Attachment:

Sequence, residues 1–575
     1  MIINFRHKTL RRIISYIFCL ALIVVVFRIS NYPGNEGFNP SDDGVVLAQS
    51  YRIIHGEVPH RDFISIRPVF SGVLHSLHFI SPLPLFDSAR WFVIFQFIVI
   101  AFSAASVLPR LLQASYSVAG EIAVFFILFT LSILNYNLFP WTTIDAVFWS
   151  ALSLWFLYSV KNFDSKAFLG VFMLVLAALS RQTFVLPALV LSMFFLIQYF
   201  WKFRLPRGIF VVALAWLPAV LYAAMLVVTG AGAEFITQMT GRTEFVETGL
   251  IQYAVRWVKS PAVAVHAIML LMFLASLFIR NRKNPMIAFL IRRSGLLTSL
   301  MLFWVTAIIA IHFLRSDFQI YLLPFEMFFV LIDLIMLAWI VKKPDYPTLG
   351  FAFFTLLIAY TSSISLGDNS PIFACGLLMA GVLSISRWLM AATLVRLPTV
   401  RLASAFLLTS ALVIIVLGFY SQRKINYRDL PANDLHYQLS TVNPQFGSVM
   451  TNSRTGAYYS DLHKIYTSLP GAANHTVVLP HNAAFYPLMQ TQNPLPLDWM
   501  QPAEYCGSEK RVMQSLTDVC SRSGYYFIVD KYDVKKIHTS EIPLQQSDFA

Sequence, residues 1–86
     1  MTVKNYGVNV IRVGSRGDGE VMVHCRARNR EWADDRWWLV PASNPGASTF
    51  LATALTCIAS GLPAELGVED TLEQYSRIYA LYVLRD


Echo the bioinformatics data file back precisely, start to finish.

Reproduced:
Sequence, residues 1–575
     1  MIINFRHKTL RRIISYIFCL ALIVVVFRIS NYPGNEGFNP SDDGVVLAQS
    51  YRIIHGEVPH RDFISIRPVF SGVLHSLHFI SPLPLFDSAR WFVIFQFIVI
   101  AFSAASVLPR LLQASYSVAG EIAVFFILFT LSILNYNLFP WTTIDAVFWS
   151  ALSLWFLYSV KNFDSKAFLG VFMLVLAALS RQTFVLPALV LSMFFLIQYF
   201  WKFRLPRGIF VVALAWLPAV LYAAMLVVTG AGAEFITQMT GRTEFVETGL
   251  IQYAVRWVKS PAVAVHAIML LMFLASLFIR NRKNPMIAFL IRRSGLLTSL
   301  MLFWVTAIIA IHFLRSDFQI YLLPFEMFFV LIDLIMLAWI VKKPDYPTLG
   351  FAFFTLLIAY TSSISLGDNS PIFACGLLMA GVLSISRWLM AATLVRLPTV
   401  RLASAFLLTS ALVIIVLGFY SQRKINYRDL PANDLHYQLS TVNPQFGSVM
   451  TNSRTGAYYS DLHKIYTSLP GAANHTVVLP HNAAFYPLMQ TQNPLPLDWM
   501  QPAEYCGSEK RVMQSLTDVC SRSGYYFIVD KYDVKKIHTS EIPLQQSDFA

Sequence, residues 1–86
     1  MTVKNYGVNV IRVGSRGDGE VMVHCRARNR EWADDRWWLV PASNPGASTF
    51  LATALTCIAS GLPAELGVED TLEQYSRIYA LYVLRD